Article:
Generating synthetic ensembles with observationally constrained large-scale atmospheric circulation variability

To generate the synthetic observationally constrained ensembles (MPI-GE-obs), we first decompose the raw ensemble variables, Xraw (corresponding to the MPI-GE-raw ensemble in the main text), using the first three PC timeseries, as follows:

$${X}_{{{{{{\rm{raw}}}}}}}(x,y,t)=\mathop{\sum }\limits_{n=1}^{3}{a}_{n}^{{{{{{\rm{raw}}}}}}}(t){Y}_{n}(x,y)+{X}_{{{{{{\rm{residual}}}}}}}(x,y,t)$$

where \({a}_{n}^{{{{{{\rm{raw}}}}}}}(t)\) are the PC timeseries calculated from the SLP data (see previous subsection of ‘Methods’) and Yn(x, y) are maps of the linear regression coefficients calculated between the (normalised) PC timeseries and Xraw over the historical period (1901–2005). The first three EOFs account for 74% of the variance in winter and 66% of the variance in summer (in the HadSLP2 data set), over their respective regions. Xresidual(x, y, t) denotes the variability that is not explained by the first three EOFs. The decomposition is performed for all 99 members individually.

The synthetic observationally constrained ensemble variables, Xobs, are produced as follows:

$${X}_{{{{{{\rm{obs}}}}}}}(x,y,t)=\mathop{\sum }\limits_{n=1}^{3}{a}_{n}^{{{{{{\rm{obs}}}}}}}(t){Y}_{n}(x,y)+{X}_{{{{{{\rm{residual}}}}}}}(x,y,t)$$

where Yn(x, y) and Xresidual(x, y, t) are selected from 1 of the 99 MPI-GE-raw members at random. The timeseries, \({a}_{n}^{{{{{{\rm{obs}}}}}}}(t)\), are randomly generated surrogate PC timeseries calculated from the corresponding observational PC timeseries. This process was repeated 10,000 times to generate the MPI-GE-obs data set.

The key difference between the MPI-GE-raw and MPI-GE-obs ensembles, therefore, are the surrogate PC timeseries, \({a}_{n}^{{{{{{\rm{obs}}}}}}}(t)\). To generate the surrogate each timeseries, we use the method of Theiler et al.63. First, the corresponding PC timeseries from one of the observational SLP data sets is selected and the discrete Fourier transform is computed. A random phase is added to each of the components, and the inverse Fourier transform is taken to return a random timeseries with similar spectral characteristics to the observed PC timeseries. It is important to note that the surrogate method acts to constrain the timeseries across all timescales. The process is repeated to produce 10,000 sets of \({a}_{n}^{{{{{{\rm{obs}}}}}}}(t)\), consisting of 2500 sets of surrogate PC timeseries from each of the observational SLPs data sets (i.e. HadSLP2, TREN, 20CR and CERA-20C). Power spectra from the observational PC timeseries, surrogate PC timeseries (i.e. \({a}_{n}^{{{{{{\rm{obs}}}}}}}(t)\)) and the raw model PC timeseries (i.e. \({a}_{n}^{{{{{{\rm{raw}}}}}}}(t)\)) are shown in Supplementary Fig. 7. Synthetic ensemble data, Xobs(x, y, t), is calculated for precipitation and surface-air temperature using the surrogate PC timeseries (i.e. \({a}_{n}^{{{{{{\rm{obs}}}}}}}(t)\)) to produce the MPI-GE-obs ensemble.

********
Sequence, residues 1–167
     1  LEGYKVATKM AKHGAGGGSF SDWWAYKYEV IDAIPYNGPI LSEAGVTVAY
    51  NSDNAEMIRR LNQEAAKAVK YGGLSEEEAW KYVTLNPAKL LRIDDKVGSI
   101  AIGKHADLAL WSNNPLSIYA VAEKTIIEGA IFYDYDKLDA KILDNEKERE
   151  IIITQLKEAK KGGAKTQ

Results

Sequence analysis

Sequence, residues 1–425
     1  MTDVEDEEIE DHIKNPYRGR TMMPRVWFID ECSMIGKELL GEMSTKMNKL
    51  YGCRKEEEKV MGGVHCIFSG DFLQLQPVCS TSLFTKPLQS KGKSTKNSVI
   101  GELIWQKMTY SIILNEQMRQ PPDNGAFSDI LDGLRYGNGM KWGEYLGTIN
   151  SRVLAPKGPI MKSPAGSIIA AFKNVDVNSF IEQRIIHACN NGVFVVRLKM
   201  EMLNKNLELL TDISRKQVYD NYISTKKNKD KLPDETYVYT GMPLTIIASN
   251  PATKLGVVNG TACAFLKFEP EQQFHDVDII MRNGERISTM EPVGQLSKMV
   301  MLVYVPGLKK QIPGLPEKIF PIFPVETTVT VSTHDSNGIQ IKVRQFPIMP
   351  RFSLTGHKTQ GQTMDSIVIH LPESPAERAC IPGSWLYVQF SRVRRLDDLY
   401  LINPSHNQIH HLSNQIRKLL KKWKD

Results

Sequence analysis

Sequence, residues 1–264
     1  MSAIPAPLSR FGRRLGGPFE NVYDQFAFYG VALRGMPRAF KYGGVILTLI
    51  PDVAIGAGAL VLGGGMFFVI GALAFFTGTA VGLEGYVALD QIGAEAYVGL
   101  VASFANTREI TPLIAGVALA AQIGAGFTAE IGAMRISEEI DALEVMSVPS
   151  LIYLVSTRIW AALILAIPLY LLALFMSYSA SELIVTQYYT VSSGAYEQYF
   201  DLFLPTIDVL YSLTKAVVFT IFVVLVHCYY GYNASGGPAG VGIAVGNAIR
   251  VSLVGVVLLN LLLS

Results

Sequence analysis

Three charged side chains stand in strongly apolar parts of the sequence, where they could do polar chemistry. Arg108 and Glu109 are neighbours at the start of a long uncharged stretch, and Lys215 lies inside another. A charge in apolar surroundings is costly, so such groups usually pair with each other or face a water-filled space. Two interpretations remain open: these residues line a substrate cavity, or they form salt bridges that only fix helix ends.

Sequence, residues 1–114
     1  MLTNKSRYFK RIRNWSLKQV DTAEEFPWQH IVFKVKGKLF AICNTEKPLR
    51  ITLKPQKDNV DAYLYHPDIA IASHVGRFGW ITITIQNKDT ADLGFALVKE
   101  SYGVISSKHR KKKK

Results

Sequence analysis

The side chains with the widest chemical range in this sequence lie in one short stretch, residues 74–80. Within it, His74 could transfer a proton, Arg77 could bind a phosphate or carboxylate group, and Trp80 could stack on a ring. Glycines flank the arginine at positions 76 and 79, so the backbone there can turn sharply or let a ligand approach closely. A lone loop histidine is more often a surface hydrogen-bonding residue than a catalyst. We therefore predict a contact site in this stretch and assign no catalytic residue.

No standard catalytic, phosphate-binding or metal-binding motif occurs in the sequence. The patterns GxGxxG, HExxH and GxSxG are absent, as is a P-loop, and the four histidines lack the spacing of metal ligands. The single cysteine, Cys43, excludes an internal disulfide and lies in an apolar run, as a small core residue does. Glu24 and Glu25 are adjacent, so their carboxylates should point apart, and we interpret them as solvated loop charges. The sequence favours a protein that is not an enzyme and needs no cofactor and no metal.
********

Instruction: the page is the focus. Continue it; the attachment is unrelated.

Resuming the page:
In addition to MPI-GE-obs, we also tested a synthetic ensemble that was produced in a similar way but with the first three EOFs were replaced using EOF patterns of temperature/precipitation anomalies calculated from observations (MPI-GE-obsTELE—see Supplementary Methods and Supplementary Fig. 19). The conclusions drawn from this ensemble are not qualitatively different, so here we only present results from MPI-GE-obs in the main text.

One key assumption in the generation of MPI-GE-obs is that the temperature and precipitation anomalies associated with the leading EOFs are unchanged between the historical period and the future. This is not entirely obvious, as it has been documented that interannual variability exhibits some robust changes in future climate model simulations64, which is also evident in some areas in the MPI-GE-raw ensemble (Supplementary Fig. 20). We tested the sensitivity to calculating the temperature/precipitation anomalies associated with the leading EOFs over the historical period by using a more complex approach in which the temperature/precipitation anomalies were calculated over a future mid-century period (2031–2070) in each respective ensemble member in MPI-GE-raw. These values for Yn were used in the calculations of Xobs in Eq. (2) above for all years in the future period. The results of the test (shown in Supplementary Fig. 21) are very similar to those shown in Fig. 3, indicating that the results are insensitive to changes in the patterns of temperature and precipitation anomalies associated with the leading SLP EOFs.

Significance testing

To test the statistical significance of the difference between the 99-member MPI-GE-raw ensemble and the synthetic 10,000-member MPI-GE-obs ensemble, we used a Monte Carlo sampling technique. From the full MPI-GE-obs ensemble, 99 members were selected without replacement; the required statistic (e.g. the interquartile range) was then calculated from this subsample and recorded. This subsampling was repeated 10,000 times to estimate the uncertainty associated with only having 99 ensemble members. The statistic calculated from the MPI-GE-raw ensemble was compared with the distribution of the 10,000 random samples to ascertain the probability that MPI-GE-raw could have been selected from MPI-GE-obs.